She wakes up from the dream and calls out. Grace Poole comes over to see what is the matter but Antoinette pretends to be sound asleep. As soon as she hears Grace snoring again, Antoinette gets up, takes the key, lights a candle, and steps out into the passage. She is going to reenact the dream and burn down the house, thus bringing Wide Sargasso Sea to the same conclusion as Jane Eyre.
Grace Poole's account is important because it is the only part of the narrative from the point-of-view of a relatively unbiased third party. Grace has never met Rochester and knows little or nothing about what happened between him and Antoinette in the Caribbean. It is not clear whether her brief moments as narrator are conversational fragments overheard and filtered through the consciousness of Antoinette; this is certainly possible, as Grace at times seems to be speaking to another servant named Leah. Grace's monologue reiterates several of the work's major themes, most notably the idea that money is the root of evil. "I don't serve the devil for no money," Grace says, but Mrs. Eff insists that Rochester is "gentle, generous, [and] brave," although his stay in the West Indies has altered him almost beyond recognition.
Grace explains that Rochester's father and brother have died and as a result he has inherited all of the family fortune; however, as she points out "he was a wealthy man before that." Ironically his marriage to Antoinette - a union he entered for purely fiscal reasons - has turned out to be unnecessary. Only by depriving Antoinette of her financial independence was Rochester able to assert his own independence from his father and older brother, and now that he no longer needs her money it is far too late. Antoinette has paid for his transgressions, both with her dowry and with her sanity.
The final section of the novella overlaps for the first and only time with the storyline of Jane Eyre, and by this point, Antoinette has effectively become Bertha, the madwoman originally created by Charlotte Brontë. Although her portrait of Antoinette remains sympathetic, in this part of the work Rhys reverts largely to Brontë's characterization. If Antoinette was not mad before, being confined in the attic has certainly rendered her so. She no longer seems to know who or where she is, and Richard Mason even fails to recognize her when he comes to visit. Moreover, Antoinette has become violent and unruly, just as Brontë portrayed her. The conclusion, in which she prepares to burn down the house, comes as no surprise.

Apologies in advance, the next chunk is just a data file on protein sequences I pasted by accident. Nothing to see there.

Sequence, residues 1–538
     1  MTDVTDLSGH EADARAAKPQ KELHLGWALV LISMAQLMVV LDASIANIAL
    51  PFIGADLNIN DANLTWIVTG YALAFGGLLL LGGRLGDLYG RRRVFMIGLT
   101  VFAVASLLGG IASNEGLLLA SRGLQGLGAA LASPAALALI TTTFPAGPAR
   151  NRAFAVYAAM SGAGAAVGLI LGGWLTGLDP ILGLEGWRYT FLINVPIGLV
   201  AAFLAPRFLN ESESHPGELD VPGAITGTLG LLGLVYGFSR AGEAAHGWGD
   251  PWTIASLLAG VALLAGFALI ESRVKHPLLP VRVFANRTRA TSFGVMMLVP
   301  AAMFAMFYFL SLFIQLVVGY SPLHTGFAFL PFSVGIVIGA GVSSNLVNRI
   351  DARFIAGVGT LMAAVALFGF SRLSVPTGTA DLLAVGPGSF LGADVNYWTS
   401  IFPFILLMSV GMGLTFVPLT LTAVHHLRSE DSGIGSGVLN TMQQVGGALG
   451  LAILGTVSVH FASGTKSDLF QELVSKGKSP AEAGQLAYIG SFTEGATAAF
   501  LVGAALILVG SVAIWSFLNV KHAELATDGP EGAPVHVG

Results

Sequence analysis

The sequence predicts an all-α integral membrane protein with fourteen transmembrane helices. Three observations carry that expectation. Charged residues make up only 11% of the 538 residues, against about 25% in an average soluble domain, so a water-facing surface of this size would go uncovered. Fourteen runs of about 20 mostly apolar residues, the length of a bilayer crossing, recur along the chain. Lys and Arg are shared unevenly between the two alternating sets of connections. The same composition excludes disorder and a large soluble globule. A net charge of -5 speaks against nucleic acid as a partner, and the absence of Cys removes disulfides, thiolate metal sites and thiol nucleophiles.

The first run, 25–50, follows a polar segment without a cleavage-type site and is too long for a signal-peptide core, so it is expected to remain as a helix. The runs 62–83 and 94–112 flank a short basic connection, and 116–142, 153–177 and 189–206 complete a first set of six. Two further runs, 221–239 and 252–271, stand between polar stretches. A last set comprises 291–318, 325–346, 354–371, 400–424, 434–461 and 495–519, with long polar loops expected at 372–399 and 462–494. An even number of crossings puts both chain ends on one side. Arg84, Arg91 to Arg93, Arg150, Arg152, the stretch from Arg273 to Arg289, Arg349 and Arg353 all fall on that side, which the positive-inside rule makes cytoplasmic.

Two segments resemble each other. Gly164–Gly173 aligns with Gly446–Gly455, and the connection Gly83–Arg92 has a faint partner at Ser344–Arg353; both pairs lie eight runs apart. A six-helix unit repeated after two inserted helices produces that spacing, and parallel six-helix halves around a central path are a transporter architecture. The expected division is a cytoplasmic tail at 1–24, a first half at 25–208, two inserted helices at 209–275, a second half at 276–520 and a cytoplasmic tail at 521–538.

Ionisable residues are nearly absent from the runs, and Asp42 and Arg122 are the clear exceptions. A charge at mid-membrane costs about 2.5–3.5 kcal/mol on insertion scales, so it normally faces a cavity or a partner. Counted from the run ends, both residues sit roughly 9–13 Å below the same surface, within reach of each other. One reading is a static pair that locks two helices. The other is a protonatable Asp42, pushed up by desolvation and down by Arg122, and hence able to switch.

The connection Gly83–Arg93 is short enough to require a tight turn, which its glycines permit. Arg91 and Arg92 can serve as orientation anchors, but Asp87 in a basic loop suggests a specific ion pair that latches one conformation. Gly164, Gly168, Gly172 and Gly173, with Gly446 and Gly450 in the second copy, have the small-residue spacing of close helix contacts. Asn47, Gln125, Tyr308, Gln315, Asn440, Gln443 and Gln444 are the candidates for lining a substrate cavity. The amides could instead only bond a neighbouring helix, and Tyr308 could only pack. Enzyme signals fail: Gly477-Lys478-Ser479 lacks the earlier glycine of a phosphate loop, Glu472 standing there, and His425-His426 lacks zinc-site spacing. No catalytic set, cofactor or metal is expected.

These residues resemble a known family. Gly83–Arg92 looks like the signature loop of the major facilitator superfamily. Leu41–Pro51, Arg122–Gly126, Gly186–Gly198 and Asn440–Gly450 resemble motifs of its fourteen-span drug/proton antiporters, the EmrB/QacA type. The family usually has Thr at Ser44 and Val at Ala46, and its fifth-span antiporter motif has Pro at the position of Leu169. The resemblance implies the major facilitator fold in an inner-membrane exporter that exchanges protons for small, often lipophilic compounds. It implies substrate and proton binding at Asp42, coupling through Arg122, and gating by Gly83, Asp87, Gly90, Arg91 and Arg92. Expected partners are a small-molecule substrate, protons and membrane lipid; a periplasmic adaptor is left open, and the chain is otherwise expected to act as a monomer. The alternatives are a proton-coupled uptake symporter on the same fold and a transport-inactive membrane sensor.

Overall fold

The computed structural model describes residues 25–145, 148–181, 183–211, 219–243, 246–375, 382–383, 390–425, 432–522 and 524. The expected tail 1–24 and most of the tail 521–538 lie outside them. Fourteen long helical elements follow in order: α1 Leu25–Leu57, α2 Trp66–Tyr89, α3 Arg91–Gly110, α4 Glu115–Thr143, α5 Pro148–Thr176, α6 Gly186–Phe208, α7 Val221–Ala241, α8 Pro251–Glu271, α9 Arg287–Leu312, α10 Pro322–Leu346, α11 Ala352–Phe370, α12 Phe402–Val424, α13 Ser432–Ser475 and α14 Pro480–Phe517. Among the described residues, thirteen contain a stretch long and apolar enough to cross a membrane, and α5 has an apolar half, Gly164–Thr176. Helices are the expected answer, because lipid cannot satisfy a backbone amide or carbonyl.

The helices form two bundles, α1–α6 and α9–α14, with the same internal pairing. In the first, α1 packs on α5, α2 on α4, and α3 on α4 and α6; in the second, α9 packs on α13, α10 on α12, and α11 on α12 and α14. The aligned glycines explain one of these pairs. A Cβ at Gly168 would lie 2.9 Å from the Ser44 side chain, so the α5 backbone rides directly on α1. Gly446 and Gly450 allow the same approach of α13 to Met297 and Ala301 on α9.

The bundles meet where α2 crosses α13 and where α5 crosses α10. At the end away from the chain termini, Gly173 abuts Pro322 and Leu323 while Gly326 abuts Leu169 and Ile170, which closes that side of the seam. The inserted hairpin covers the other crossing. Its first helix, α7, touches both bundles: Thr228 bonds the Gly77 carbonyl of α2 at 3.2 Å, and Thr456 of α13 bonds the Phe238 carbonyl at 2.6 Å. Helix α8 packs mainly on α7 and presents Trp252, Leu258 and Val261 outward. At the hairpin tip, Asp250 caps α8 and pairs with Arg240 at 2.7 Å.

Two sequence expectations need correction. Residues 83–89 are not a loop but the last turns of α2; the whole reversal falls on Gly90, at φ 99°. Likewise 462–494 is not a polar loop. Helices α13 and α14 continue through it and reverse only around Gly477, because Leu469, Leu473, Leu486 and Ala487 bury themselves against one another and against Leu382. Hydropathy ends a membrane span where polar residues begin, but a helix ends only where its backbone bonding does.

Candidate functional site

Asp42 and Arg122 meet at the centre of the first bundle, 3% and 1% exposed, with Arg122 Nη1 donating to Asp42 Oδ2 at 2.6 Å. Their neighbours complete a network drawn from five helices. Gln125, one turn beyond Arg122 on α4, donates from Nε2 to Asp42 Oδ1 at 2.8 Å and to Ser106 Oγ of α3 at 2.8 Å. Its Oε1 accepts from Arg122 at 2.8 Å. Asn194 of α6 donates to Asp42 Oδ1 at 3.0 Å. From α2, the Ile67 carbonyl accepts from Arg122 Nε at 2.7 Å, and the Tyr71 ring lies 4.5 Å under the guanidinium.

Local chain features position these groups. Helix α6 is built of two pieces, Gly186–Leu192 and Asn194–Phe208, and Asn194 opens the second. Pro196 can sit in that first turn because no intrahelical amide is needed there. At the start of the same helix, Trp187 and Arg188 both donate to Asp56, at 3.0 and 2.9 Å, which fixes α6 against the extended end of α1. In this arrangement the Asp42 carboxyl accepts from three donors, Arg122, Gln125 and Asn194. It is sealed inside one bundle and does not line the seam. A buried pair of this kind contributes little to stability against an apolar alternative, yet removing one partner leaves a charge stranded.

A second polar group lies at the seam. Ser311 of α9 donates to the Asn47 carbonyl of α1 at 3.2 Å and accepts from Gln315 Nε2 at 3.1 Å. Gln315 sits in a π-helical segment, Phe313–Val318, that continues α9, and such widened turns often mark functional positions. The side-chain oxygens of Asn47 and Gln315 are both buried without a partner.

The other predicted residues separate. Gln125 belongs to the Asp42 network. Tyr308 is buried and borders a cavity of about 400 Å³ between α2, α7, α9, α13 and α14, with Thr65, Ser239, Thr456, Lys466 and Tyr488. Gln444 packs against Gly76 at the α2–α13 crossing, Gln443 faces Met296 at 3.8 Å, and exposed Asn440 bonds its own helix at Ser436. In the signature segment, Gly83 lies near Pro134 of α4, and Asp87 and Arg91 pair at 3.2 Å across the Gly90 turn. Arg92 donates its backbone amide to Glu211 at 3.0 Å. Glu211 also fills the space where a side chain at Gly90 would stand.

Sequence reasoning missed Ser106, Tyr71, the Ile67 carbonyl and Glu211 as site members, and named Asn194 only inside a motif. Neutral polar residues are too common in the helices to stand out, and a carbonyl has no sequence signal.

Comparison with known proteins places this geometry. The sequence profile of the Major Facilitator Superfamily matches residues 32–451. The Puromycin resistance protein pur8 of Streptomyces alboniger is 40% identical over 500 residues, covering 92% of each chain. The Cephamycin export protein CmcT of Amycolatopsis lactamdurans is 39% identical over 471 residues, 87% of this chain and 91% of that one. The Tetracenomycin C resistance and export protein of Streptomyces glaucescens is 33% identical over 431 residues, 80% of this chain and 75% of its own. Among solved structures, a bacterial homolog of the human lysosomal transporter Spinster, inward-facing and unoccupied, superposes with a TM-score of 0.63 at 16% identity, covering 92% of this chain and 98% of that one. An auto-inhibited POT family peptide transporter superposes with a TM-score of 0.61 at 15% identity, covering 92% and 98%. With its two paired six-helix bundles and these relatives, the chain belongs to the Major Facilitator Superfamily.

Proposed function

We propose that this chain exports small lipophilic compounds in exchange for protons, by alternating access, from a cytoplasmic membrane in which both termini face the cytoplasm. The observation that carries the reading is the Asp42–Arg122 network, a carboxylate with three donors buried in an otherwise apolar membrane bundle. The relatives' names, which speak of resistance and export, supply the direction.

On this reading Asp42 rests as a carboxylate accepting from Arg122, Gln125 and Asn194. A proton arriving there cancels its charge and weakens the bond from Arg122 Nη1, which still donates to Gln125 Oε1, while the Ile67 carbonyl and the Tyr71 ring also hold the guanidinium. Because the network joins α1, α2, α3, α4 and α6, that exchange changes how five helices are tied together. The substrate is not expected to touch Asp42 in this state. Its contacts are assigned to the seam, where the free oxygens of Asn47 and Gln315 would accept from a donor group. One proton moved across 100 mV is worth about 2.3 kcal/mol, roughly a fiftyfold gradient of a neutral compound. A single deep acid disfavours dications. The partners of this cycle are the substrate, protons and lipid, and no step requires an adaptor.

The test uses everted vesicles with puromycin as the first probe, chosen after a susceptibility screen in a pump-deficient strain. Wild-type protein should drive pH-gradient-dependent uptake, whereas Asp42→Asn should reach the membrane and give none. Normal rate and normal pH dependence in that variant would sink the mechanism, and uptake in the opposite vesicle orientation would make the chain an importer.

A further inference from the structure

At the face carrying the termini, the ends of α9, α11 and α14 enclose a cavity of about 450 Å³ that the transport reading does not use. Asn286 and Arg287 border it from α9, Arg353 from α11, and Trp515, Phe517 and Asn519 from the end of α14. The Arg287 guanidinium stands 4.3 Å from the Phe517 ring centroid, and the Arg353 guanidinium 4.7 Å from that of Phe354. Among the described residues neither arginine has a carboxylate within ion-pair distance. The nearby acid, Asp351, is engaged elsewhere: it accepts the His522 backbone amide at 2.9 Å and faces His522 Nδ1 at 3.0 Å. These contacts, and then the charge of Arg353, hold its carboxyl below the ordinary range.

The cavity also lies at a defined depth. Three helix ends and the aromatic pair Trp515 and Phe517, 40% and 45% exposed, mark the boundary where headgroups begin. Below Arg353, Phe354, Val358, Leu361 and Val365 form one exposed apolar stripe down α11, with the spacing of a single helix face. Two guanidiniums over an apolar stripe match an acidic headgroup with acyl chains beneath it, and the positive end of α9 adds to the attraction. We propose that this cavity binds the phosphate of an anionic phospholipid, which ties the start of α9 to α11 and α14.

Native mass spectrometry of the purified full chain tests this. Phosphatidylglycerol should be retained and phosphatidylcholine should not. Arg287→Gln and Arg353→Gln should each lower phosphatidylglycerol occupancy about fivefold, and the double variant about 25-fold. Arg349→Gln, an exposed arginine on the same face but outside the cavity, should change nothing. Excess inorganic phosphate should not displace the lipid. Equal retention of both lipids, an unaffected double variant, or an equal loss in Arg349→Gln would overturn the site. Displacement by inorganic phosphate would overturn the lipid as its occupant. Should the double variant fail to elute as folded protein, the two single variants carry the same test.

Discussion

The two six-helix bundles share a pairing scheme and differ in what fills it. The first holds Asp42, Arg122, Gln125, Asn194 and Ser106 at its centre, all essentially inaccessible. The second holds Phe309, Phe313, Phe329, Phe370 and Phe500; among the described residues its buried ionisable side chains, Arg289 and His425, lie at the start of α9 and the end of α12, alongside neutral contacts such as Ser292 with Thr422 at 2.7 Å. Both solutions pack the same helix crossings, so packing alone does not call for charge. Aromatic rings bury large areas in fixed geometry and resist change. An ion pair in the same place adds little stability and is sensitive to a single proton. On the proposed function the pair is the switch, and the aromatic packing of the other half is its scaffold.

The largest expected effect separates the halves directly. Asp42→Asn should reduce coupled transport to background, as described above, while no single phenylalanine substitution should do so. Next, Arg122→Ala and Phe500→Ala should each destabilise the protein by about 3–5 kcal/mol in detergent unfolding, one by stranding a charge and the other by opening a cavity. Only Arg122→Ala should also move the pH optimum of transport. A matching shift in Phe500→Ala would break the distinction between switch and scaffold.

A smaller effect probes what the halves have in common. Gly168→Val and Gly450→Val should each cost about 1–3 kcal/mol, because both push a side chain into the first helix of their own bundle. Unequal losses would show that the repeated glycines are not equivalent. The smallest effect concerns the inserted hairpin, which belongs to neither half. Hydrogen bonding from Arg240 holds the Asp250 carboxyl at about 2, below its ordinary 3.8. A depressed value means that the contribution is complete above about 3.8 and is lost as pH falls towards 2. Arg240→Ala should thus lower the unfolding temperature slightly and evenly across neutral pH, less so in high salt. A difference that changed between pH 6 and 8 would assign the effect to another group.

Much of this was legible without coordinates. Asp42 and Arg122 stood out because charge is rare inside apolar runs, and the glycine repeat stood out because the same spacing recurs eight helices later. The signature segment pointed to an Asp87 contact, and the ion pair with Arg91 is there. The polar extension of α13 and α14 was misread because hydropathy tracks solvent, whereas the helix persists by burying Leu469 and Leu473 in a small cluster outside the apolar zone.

Nevertheless, Wide Sargasso Sea stands as a literary masterpiece even apart from its connection to Jane Eyre. In what is perhaps her most significant addition to Brontë's work, Rhys again raises the possibility of an incestuous relationship between Antoinette and her half-brother in the final pages of the novella. In one of her only lucid moments, Antoinette mentions Sandi in a way that could easily be construed as sexual. She explains that he used to come to see her when "that man" (probably Rochester) was away, and that the last time he did so she was wearing a dress of bright red fabric, the color symbolically associated with passion and lust. The two shared a "life and death kiss" before parting, Antoinette says, and this too suggests an element of romance between them.
Like the rest of the work, the depiction of Antoinette in the final pages of the work retains certain autobiographical elements from the life of Jean Rhys. In her letters Rhys writers that she identified strongly with the madwoman she created. Indeed, she certainly knew what it was like to live an isolated existence. At the time of Wide Sargasso Sea's publication in the 1960s, Jean Rhys was living as a recluse in a remote corner of England and drinking herself into a stupor. Because of her increasingly antisocial behavior during this time, she was actually ordered by the court to seek out the care of mental health practitioners. Scholars and biographers have long pondered Rhys's prolonged absence from the literary scene while simultaneously noting that her period of seclusion led to the creation of her greatest work. Critics Sandra M. Gilbert and Susan Gubar have suggested that the figure of the madwoman in the attic that haunts the pages of nineteenth-century literature figures as an emblem of the woman writer. Perhaps this is quite literally true in the case of Jean Rhys; that is, perhaps Rhys, like Antoinette, was seeking a safe haven where she could allow her imagination to run free.